1636: Commander Cantrell in the West Indies – Snippet 38
Even rags, Tromp reflected, continuing the futile task of cleaning his hands with a towel already inundated with bilge water, even rags were rare enough commodities, here. What weaving the locals did was crude, and not suitable to all purposes.
“Shall I fetch you another towel, sir?” Willi asked as he peered into the evidently expectant mess.
“No use, Willi. Let’s not keep the cook waiting.”
The watch officers had taken advantage of the admiral’s inspection of Aemelia‘s orlop deck and stores to rouse the first watch out of hammocks and make for the galley, where the cook (one of the few that had all his limbs) had set about building his fires and preparing the food, all the while debating provisions with the purser, as usual. However, the moment the admiral entered, the men, regardless of rank or age, looked up expectantly, with the suppressed smiles of boys who’ve done their chores early and without being told to.
Tromp suppressed a smile himself, nodded to the cook. “Up early today, are we, Ewoud?”
Ewoud effected dour annoyance. “It is as the admiral says. These louts couldn’t wait to fill their bellies today. Can’t think why. Sir.”
“No, me either,” agreed Tromp, going along with the act. The men grinned. As had sailors from the dawn of time, they had a natural affinity for a quiet, firm commander who could enjoy and acknowledge a joke without becoming part of it himself. “What feast have you set on today?”
There was a quick exchange of glances — none too friendly — between the purser and the cook before the latter waved at the simmering pots with a hand that invited inspection. “Well sir, this morning I thought we’d depart from local fare, and –“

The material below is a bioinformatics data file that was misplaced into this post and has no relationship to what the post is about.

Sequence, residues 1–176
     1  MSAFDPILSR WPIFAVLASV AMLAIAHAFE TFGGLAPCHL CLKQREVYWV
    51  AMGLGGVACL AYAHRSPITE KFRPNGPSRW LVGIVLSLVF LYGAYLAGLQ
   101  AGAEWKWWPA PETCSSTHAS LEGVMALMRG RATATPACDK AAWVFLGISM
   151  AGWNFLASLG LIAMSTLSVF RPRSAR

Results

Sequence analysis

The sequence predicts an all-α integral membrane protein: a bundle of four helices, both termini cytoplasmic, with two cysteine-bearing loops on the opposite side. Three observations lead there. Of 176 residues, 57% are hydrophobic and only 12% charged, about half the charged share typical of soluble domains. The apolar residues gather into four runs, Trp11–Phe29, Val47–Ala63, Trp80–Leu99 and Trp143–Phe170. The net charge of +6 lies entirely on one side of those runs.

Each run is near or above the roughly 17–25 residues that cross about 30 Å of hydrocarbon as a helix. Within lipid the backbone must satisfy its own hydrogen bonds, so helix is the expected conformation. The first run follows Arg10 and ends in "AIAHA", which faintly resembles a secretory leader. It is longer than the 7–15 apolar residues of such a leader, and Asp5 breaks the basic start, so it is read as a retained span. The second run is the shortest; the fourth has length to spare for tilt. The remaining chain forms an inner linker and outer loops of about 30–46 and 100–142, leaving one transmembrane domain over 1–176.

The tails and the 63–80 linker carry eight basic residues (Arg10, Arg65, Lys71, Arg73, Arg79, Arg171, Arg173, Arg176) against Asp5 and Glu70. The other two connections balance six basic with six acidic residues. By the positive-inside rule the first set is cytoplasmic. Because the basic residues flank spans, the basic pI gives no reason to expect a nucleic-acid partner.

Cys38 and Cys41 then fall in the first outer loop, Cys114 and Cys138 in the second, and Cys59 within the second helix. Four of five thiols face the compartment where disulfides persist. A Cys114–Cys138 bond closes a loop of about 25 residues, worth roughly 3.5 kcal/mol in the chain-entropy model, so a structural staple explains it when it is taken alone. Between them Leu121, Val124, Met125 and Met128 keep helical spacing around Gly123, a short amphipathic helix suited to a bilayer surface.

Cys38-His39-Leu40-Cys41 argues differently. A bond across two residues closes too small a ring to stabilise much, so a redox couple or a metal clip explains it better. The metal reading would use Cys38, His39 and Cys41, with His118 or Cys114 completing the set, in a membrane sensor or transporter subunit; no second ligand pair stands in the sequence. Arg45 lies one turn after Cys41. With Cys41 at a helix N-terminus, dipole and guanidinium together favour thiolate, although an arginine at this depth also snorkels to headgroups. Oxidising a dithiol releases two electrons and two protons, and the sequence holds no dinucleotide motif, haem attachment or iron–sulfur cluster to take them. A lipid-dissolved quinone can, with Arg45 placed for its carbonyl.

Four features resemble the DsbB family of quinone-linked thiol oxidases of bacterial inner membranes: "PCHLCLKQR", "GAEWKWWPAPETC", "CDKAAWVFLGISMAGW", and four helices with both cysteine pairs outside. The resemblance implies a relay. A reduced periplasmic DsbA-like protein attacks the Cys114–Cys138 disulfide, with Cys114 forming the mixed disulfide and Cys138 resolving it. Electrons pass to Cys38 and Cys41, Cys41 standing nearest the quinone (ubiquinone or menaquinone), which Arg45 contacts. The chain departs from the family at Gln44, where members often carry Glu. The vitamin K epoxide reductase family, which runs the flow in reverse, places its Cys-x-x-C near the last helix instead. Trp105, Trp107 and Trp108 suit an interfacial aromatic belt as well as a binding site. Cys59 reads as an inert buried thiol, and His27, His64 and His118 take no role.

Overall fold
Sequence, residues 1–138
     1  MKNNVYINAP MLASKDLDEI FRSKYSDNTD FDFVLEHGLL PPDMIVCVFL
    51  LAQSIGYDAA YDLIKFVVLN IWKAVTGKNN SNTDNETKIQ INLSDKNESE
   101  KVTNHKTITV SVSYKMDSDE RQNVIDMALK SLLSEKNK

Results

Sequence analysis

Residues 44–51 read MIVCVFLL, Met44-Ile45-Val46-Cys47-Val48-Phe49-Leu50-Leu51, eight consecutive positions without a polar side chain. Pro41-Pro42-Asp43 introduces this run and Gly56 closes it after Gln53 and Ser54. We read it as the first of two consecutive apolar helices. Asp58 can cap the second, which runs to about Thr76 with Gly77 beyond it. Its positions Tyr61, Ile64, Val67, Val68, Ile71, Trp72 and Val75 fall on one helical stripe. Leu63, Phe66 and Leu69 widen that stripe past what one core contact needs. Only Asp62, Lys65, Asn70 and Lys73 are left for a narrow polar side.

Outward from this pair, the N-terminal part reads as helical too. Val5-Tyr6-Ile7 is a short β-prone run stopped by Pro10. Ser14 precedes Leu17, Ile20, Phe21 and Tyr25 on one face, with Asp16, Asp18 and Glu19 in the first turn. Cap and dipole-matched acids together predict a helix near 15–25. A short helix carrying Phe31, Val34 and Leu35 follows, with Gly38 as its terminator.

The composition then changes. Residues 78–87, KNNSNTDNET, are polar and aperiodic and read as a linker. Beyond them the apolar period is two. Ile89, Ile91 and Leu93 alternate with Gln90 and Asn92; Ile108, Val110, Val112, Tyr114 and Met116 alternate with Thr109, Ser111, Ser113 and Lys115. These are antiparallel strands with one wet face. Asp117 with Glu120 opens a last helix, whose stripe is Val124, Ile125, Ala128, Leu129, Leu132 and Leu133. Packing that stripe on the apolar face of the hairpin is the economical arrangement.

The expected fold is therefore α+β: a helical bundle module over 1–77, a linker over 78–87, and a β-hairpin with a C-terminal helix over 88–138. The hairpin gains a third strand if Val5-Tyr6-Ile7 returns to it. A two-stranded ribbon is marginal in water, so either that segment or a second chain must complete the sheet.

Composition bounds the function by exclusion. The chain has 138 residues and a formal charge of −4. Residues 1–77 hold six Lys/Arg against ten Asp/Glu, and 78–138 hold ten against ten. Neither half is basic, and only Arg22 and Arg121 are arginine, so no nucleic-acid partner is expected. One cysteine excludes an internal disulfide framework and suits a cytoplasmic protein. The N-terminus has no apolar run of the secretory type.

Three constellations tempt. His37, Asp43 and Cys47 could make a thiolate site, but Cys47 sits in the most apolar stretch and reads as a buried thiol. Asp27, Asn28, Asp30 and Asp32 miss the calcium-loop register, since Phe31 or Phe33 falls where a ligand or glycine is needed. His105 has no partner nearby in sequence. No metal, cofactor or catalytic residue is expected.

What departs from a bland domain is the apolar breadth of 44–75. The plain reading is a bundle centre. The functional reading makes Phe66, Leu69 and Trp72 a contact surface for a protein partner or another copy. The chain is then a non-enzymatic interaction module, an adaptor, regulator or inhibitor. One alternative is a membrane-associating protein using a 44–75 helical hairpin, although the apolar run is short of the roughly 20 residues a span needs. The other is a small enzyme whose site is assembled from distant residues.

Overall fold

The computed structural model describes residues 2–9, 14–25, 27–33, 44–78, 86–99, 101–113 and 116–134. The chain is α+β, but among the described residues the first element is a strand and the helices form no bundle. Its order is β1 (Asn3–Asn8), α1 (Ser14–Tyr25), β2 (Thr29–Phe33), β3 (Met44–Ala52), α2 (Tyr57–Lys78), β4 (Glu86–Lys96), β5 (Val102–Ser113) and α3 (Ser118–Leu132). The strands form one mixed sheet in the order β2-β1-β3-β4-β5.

Tromp shook his head. “A nice gesture, Ewoud — and Mr. Brout,” he added with a glance at the purser who had no doubt pushed Ewoud to use the Old World supplies, “but there are to be no exceptions while we are in port. Local foodstuffs only.”
“But sir,” Brout explained, hands opening into an appeal, “soon, even the peas will spoil if we do not –“
“Mr. Brout,” Tromp let his voice go lower, less animated, and then turned to face the suddenly quiet purser, “I assure you, I have the spoilage dates of all our dry goods well in mind. And they do not worry me.” Particularly since, after today, we’ll be finishing them up quickly enough. “Do I make myself clear?”
Brout looked as though he might have soiled himself. “Yes, Admiral. Perfectly clear.”
Ewoud was trying hard not to smile, and, satisfied, sent his young assistant — barely thirteen, from the look of him — scurrying to swap around the bags and casks of waiting food. “Tapioca and mango, then. Smoked boar for a little flavor.” The mess-chiefs who’d come down from each group of mess-mates sighed. Tapioca and cassava crackers were the new staple of the Dutch navy. Such as it was.